French artist Jacques Honvault is famous for his high-speed photographic images, including the spectacular shot above of a balloon fragmenting just after it is popped. Now, physicists Sébastien Moulinet and Mokhtar Adda-Bedia of the Ecole Normale Supérieure in Paris, have discovered that there is a critical point in the inflation of a balloon beyond which it will create such beautiful flower-like patterns when it bursts. The duo filmed the rupturing process of a latex balloon at 60,000 frames per second using a high-speed camera. In some of their experimental runs, the balloons were filled to a relatively low internal air pressure and then pierced with a scalpel. In these cases, the slit cleanly expanded as the balloon burst. However, when inflated to the pressure at which the balloons would burst spontaneously, the initial slit would suddenly bifurcate to create a "Y" shape. These cracks would further split until the balloon was shredded. The researchers looked at latex balloons of four different thicknesses, inflated to varying degrees. They found that when the stress in the material is above a critical value of about 1.8 MPa, the balloon will fragment. Below it, the rupture is a single slit. The physicists believe that the critical value corresponds to the crack moving at its maximum speed of about 570 m/s – the speed of sound in the latex membranes.

Imaging the polarity of individual chemical bonds

A new imaging method – based on atomic force microscopy (AFM) – allows users to precisely detect and map the charge distribution within molecules has been developed by researchers in Europe. The technique has been used to reveal the difference in bond polarity between two structurally identical but chemically distinct molecules. Jascha Repp of the University of Regensberg in Germany and colleagues were keen to improve images taken in a variation of AFM – dubbed kelvin probe force spectroscopy (KPFS) – that are often distorted. To demonstrate their technique, the researchers looked at the structurally identical molecules F12C18Hg3 (left) and H12C18Hg3 (right) pictured above. They showed for the first time that the C–H bonds in the first compound were polarized with the negative charge on the carbon atom, whereas the C–F bonds in the second were polarized the opposite way.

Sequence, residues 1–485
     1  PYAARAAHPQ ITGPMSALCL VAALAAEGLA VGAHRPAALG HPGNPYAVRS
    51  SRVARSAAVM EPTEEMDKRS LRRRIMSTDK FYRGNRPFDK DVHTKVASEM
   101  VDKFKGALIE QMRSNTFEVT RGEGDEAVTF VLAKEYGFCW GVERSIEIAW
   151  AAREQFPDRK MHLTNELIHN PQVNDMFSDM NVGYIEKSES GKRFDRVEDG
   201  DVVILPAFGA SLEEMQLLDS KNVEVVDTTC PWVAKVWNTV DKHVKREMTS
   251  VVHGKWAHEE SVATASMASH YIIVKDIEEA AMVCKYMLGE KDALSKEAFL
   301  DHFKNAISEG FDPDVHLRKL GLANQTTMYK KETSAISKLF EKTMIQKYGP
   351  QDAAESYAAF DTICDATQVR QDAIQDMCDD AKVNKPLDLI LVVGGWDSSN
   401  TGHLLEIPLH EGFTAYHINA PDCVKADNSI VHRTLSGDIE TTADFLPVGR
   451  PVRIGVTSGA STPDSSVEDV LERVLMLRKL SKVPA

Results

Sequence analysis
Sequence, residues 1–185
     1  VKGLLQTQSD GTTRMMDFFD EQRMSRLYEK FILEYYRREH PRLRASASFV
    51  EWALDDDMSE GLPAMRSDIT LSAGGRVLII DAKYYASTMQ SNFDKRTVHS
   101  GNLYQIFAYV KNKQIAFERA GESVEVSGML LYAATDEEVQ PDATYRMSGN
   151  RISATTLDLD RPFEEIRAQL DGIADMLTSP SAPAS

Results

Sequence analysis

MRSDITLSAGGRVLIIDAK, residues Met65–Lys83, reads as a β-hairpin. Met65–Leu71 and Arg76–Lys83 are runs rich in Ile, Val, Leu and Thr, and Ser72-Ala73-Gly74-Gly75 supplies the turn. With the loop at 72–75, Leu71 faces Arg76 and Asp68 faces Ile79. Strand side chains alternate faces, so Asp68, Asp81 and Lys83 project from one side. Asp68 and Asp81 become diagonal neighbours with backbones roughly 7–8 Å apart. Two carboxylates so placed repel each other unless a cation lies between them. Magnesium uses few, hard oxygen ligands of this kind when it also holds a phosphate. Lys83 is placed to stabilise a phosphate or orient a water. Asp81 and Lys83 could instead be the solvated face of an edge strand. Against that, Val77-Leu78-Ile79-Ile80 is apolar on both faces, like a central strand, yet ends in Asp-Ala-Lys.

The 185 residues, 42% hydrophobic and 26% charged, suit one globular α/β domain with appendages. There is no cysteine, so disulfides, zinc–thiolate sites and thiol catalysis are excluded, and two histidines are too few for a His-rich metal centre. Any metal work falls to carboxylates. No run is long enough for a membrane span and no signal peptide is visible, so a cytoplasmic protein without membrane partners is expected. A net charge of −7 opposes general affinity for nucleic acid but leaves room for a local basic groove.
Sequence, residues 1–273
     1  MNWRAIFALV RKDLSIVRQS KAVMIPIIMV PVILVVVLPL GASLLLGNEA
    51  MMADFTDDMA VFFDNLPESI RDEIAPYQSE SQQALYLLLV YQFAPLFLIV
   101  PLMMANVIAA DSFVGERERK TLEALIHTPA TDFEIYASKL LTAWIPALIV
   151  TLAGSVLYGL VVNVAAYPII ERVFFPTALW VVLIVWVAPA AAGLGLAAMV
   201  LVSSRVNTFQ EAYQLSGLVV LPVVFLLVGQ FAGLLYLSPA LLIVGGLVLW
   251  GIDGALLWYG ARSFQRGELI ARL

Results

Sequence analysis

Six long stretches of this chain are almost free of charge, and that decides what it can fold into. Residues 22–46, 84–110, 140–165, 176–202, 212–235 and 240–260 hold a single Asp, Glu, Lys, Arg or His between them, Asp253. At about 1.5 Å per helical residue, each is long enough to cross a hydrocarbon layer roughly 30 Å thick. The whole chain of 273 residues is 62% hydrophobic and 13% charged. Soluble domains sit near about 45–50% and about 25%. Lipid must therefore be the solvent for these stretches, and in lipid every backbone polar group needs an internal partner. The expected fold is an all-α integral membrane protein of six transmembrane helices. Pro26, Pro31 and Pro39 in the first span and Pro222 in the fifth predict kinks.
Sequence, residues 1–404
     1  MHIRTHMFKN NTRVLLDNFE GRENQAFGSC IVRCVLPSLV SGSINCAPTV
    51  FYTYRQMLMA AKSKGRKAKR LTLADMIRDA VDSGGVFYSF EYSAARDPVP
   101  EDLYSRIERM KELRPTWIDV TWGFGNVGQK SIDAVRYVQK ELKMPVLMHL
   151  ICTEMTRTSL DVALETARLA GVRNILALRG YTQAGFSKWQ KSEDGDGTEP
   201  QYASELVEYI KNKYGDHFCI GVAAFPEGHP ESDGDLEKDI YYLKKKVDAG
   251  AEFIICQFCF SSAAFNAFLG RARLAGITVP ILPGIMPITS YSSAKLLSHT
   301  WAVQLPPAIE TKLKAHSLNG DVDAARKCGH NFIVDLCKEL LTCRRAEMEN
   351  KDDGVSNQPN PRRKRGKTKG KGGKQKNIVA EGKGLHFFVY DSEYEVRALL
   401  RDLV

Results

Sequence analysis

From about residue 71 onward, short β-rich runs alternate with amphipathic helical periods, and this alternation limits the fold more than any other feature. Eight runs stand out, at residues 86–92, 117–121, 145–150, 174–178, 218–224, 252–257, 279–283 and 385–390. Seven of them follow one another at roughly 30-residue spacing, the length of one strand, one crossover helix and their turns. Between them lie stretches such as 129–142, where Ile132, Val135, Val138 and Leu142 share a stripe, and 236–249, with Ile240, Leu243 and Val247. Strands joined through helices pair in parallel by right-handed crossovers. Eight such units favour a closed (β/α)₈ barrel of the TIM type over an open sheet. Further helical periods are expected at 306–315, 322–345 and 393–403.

Organic microflowers bloom bright

The image above may look exactly like a fire-red carnation, but what you are looking at is a digitally coloured artificial microflower, magnified nearly 20,000 times. Developed by researchers at RMIT University in Melbourne, Australia, together with colleagues in India, these artificial organic flowers self-assemble in water, blooming just like an actual flower. The team has developed, for the first time, floral microstructures that form via a self-repeating arrangement in water. The artificial microflowers, which take about three hours to fully develop, are created by mixing two organic components (naphthalenediimide-bearing phosphonic acid and melamine) in water, which is then evaporated. Such floral structures could be used in a variety of fields – from optoelectronics and chemosensors to nanotechnology, biotechnology, biomedicine and organic electronics – thanks to their distinctive surfaces.